Customization is essential plank of M&S’ India strategy

    Customization is essential plank of M&S’ India strategy

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    Significant customization and localization of the product line to suit the unique Indian preferences and customer budgets is an essential part of ’s marketing in India, the apparel retailer’s CEO in the country, Martin Jones, has told IndiaRetailing.com in an exclusive chat.

    An example of this customization is the realization by the company that colors are very important for Indian customers. This has led it to introduce three times the number of color options of polo shirts in India compared to the UK. “We have also learnt how styles are different in India, so we have put pockets on shirts, as we know jackets are rarely worn here,” he said.

    The company has also made changes to its pack sizes compared to the UK. Instead of offering seven pairs of men’s socks, as it does in the UK, Marks & Spencer sells them in singles in India. Women’s knickers are sold in packs of three here compared to packs of seven in the West.

    ”Indian consumers are evolved in terms of fashion. They are aware of the global trends and looking for options at great value,” Jones said. To ensure Marks and Spencer offers the right products at the right price to India customers, the company is sourcing over half of its products from local Indian suppliers. “Through increasing our local sourcing, we have been able to adapt some of our clothing ranges to better suit the Indian tastes as well as align our prices,” he added.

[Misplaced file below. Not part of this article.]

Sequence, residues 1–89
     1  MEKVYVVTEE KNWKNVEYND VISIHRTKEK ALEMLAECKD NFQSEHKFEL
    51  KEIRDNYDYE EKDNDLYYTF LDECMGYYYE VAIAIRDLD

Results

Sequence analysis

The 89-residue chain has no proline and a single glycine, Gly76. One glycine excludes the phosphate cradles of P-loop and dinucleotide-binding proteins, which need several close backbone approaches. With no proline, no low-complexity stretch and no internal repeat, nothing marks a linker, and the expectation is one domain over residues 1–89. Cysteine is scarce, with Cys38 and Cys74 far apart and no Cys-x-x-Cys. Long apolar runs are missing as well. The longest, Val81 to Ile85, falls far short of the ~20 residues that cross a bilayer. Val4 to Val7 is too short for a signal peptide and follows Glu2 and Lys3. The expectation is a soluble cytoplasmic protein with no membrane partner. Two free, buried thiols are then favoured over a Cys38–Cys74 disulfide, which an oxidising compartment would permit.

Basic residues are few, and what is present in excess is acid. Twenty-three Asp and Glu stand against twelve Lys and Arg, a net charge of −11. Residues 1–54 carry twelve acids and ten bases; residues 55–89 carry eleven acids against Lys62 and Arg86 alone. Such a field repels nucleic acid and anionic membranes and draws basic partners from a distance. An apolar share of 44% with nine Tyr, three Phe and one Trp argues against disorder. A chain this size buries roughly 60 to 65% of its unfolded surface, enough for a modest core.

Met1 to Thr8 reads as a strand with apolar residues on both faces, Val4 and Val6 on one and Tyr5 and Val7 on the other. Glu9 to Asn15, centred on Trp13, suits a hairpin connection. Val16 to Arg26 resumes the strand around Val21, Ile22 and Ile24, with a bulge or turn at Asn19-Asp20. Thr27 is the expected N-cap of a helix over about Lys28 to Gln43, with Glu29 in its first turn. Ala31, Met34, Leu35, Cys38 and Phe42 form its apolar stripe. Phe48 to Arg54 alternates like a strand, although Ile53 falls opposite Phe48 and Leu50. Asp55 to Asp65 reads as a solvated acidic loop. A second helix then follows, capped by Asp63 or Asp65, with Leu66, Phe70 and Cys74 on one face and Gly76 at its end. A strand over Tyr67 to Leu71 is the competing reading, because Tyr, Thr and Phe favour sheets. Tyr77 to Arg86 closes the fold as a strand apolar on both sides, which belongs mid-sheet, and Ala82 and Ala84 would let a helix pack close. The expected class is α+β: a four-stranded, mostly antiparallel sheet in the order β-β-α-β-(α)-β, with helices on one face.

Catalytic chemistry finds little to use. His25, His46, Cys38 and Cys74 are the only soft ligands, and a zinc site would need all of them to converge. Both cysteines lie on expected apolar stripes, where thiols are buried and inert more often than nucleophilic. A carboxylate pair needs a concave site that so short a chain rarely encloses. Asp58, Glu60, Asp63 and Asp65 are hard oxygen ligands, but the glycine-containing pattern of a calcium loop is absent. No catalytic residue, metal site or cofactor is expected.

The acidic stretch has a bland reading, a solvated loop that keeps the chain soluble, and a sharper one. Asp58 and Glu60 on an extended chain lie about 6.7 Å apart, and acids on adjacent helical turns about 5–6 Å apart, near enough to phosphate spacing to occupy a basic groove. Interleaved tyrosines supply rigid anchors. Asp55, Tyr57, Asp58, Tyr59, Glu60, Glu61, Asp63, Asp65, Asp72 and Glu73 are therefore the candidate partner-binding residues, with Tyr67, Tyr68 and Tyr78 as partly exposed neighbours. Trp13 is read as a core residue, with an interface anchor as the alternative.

Due to localization, Marks & Spencer can offer competitive prices to customers, selling polo T-shirts from Rs 395, kids’ polos from Rs 245, chinos from Rs 1,499 and women’s stretch denims from Rs 1,195. “We have developed strong relationships with our local supply base and are now able to ‘stretch the seasons’ – which means we can have early availability on linen product to cater for our customers in January in Chennai, Bangalore and Hyderabad whilst still selling knitwear in Delhi,” said Jones.

    The company is also sourcing products from India to sell abroad. For example, all polyester trousers on sale in the Marks & Spencer stores in the UK in both menswear and womenswear are now sourced in a poly-viscose fabric produced in India. “The fabric is more suitable for the British climate and we can offer our customers a market leading price due to lower garment cost prices being achieved through local sourcing. This gives us the same great design in the right fabric weight for our customer at a price cheaper than our competitors,” Jones said.

    Marks & Spencer entered the Indian market in 2001 as part of a franchise agreement. In 2008, it entered into a joint-venture agreement with to expand its Indian operations. This has helped the company open larger stores, such as Express Avenue which is an impressive 20,000 sq. ft. “The joint-venture has also been useful in realigning our prices by increasing local sourcing and tailoring Marks & Spencer’s products to suit the Indian customers,” Jones said. Marks & Spencer now has 22 stores in India in Delhi, Gurgaon, Noida, Amritsar, Mumbai, Pune, Kolkata, Bangalore, Chennai and Hyderabad.

    The company’s Indian customer base consists of people in the age bracket of 25 to 35 years who travel regularly and are in touch with global fashion trends. In the last financial year, the company sold over 74,000 locally sourced polo t-shirts for men and women, around 70,000 packs of knickers (in sets of three), over 19,000 cross-over bras, and 40,000 locally sourced women’s shirts in the country.

    Jones said the biggest challenges for Marks & Spencer in India include expensive retail space and opening new stores which are affordable.